Unfamiliar Ideas in Piston Ring Design

Kevin Cameron has been writing about motorcycles for nearly 50 years, first for <em>Cycle magazine</em> and, since 1992, for <em>Cycle World</em>.

Kevin Cameron has been writing about motorcycles for nearly 50 years, first for <em>Cycle magazine</em> and, since 1992, for <em>Cycle World</em>. (Robert Martin/)

My first impulse in writing this piece was to say “new ideas” in piston ring design, but the ideas here are not new. They date back to Honda’s third era in F1, which ended in 2008, which is now 13 years ago. Honda engineers faced the difficulty of sealing pistons at engine speeds near 20,000 rpm, and they found existing piston ring concepts inadequate.

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Since English inventor John Ramsbottom first conceived of them 169 years ago for use on railroad steam engines, conventional piston rings have evolved significantly. Because it is not feasible to fit pistons into cylinders so tightly that they achieve a reliable seal (except for certain tiny model engines), designers fit a springy circular metal split ring of roughly rectangular section into a groove cut near the piston’s head. Since they are normally larger than the cylinder’s bore, the split ring is compressed to fit into it and then expands to seal against it; the ring’s flexibility is able to accommodate the cylinder’s expansion as it heats to operating temperature.

Mind the Gap

It seems intuitively correct to fret over possible leakage through the ring’s gap at the split. Many and various are the inventions proposed to eliminate this gap, such as stacking two vertically thin split rings in a single groove, each with its end gap pegged to keep the two at 180 degrees to each other.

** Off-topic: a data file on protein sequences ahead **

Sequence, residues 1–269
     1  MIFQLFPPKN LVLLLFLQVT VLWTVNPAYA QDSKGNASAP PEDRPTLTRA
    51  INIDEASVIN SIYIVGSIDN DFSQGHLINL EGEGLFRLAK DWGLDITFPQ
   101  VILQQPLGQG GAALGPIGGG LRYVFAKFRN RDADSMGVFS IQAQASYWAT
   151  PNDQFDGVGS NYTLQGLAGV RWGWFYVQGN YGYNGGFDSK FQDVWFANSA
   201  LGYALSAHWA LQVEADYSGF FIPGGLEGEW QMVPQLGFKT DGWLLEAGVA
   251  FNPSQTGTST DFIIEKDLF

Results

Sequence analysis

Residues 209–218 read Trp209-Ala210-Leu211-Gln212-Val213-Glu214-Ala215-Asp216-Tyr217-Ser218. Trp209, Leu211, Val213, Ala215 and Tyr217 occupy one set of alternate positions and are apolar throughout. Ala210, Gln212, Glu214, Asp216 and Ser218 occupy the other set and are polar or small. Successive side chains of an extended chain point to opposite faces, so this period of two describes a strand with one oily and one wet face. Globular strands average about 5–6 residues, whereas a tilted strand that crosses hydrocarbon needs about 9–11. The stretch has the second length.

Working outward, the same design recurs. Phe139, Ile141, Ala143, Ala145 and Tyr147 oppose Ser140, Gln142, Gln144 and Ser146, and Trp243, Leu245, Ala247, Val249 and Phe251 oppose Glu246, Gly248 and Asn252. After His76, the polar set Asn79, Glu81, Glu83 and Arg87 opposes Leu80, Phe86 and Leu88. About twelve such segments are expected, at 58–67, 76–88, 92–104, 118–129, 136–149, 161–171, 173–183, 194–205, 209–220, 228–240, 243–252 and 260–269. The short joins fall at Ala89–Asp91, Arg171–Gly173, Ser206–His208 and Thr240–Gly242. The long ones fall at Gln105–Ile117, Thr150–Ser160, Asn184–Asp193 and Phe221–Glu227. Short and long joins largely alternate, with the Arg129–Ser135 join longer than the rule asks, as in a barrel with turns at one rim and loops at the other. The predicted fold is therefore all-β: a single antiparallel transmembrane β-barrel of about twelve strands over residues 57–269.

It turns out that ring-end-gap leakage is quite small, provided that the gap itself measures close to the usual rule of thumb: about 0.004 inch for every inch of piston diameter. As a result, stacked rings and other methods of stopping ring-gap leakage have passed out of use.

One early application in which the Ramsbottom ring emphatically did not work was the rotary-radial piston engines used in large numbers of World War I aircraft. Because early aircraft flew too slowly to push adequate cooling air through their engines’ fins, cooling was improved by bolting the crankshaft to the aircraft’s firewall and having the crankcase and cylinders rotate around it (hence “rotary”). A typical rotary engine was about 37 inches in diameter, so when it operated at 1,200 rpm, the heads whirled through the air at 165 feet per second (112 mph)—even with the airplane sitting still.

The big problems were 1) the cylinders’ leading faces were well cooled, but their trailing sides remained very hot, and 2) the cylinders were made from steel, which conducts heat poorly. As a result of this nonuniform cooling, the trailing side of each cylinder bulged from heat expansion while the cooler leading side remained smaller. No simple piston ring could conform to such a heat-distorted cylinder. The best solution at that time was the “obturator,” a brass split ring with an L-shaped cross-section. The base of the L was quite narrow while its vertical part was relatively tall. A groove machined into the piston retained the ring’s base in the traditional fashion, but the resemblance ended there. It was the bending flexibility of the L’s vertical portion which allowed combustion pressure to easily push it into good contact with the cylinder wall—rather like the leather washer in an old bicycle pump. Mainly because of short obturator life, the time-before-overhaul (TBO) of such engines was between 10–25 hours.